SINGAPORE: Jerrold Wong spent Friday (Sep 8) scrambling to pack his belongings and an emergency kit, before Hurricane Irma hits.
The Singaporean has been living in Florida since March, and like millions of residents in the state, he's been told to evacuate or hunker down before the monster storm arrives.
"The whole of Florida is on edge," he told Channel NewsAsia from the city of Dunedin. "It’s a whole exodus. Everyone is just trying to leave the state ... the highways are all jam packed."
"There is a shortage of water, there is a shortage of gas. But at the same time we can do the best we can," he added.
Mr Wong, who would only say he works in student services, was first alerted to the severity of the situation on Thursday, when officials ordered the closure of all schools and government offices. Florida's governor also said all of the state's 20.6 million residents should be prepared to evacuate.
Mr Wong noted that the situation has evolved very quickly in a span of 24 hours.
"Yesterday, people were aggressively trying to get all their foodstuff, gas and everything. Today, people don’t care about food. They just want to get out of Florida," he said.
US President Donald Trump on Friday described Hurricane Irma as a storm of "epic proportion". So far, it has killed at least 19 people across the Caribbean and reduced island resorts to rubble.
It has since weakened slightly to a Category 4 hurricane, according to the forecast on Saturday, but still packing powerful maximum sustained winds of 249kmh. Forecasters have also warned of storm surges of nearly four metres.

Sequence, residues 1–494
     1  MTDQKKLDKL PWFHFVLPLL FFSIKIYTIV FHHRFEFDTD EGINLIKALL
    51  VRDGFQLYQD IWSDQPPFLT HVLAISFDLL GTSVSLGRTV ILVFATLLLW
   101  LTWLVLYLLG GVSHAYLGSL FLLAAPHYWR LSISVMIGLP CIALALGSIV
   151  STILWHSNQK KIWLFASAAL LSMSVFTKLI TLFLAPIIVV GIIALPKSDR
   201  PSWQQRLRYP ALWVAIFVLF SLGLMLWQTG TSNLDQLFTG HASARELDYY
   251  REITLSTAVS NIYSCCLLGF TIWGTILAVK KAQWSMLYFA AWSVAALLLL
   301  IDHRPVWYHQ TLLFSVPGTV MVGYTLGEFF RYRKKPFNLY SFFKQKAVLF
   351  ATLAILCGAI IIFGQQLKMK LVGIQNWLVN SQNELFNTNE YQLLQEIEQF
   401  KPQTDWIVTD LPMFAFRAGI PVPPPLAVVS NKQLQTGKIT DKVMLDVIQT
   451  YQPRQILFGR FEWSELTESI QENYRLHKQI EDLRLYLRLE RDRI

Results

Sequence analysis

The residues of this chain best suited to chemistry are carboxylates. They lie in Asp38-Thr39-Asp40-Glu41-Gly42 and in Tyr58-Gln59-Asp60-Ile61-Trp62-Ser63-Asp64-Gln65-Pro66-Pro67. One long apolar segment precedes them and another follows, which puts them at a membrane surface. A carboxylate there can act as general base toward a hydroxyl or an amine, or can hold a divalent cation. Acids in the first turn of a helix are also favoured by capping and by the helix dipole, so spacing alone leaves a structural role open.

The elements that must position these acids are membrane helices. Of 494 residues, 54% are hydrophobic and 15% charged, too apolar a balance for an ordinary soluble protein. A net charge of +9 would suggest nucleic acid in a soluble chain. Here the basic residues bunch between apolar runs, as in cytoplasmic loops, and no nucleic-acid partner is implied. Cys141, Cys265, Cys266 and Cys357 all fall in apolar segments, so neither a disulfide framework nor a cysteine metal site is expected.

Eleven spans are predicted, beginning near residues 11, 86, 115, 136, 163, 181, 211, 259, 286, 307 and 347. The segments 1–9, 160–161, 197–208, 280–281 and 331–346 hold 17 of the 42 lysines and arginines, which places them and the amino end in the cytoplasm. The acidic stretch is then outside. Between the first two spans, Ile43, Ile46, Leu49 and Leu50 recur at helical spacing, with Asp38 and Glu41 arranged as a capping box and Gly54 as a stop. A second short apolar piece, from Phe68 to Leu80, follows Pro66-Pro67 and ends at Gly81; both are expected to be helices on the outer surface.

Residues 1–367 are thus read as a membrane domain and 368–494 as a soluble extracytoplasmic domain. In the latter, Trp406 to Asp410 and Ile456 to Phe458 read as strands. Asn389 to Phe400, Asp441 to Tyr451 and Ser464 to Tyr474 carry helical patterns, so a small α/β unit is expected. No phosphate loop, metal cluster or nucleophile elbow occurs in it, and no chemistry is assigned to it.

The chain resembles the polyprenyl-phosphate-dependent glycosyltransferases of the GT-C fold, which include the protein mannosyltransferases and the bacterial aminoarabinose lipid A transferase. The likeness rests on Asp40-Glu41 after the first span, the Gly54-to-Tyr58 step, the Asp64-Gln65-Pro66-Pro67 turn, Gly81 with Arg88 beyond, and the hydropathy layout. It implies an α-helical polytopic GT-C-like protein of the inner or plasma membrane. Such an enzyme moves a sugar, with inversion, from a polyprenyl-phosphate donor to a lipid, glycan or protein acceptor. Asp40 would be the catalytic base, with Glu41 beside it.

It's a frightening prospect for the Singaporean as he lives by the ocean, putting his home at great risk of flooding. Even though he has packed away his belongings and placed them as high as he can, Mr Wong believes there will be much loss and damage as a result of potential storm surges.
"I'm prepared for the worst. (I think) I've got to start from scratch again," he said. "I'm prepared for everything to be gone."
Mr Wong said leaving Florida is not an option for him as he had to wait more than an hour at the petrol station to fuel up, and it will be hours more before he can even get out of the state given the massive jams.
Instead, he is prepared to move to a shelter first thing on Saturday morning, complete with his emergency pack which contains important documents, blankets, clothes and food that will last about three days.
But stocking up on supplies was not an easy task. "Water is now like liquid gold. I went to the store, all water sold out. So I filled up all my bottles of water, I put it in the fridge. My milk cartons, I filled it with water," Mr Wong told Channel NewsAsia.
Amid the chaos, Mr Wong said this experience has helped him realise never to take anything for granted.
"It's very sad because you take so much of life for granted," he said. "You have so much stuff. (And in such a situation) it's about choosing what is most important."
"It's the best experience for me to (learn) to not take advantage of what life gives you. It's the worst experience because reality bites," he said.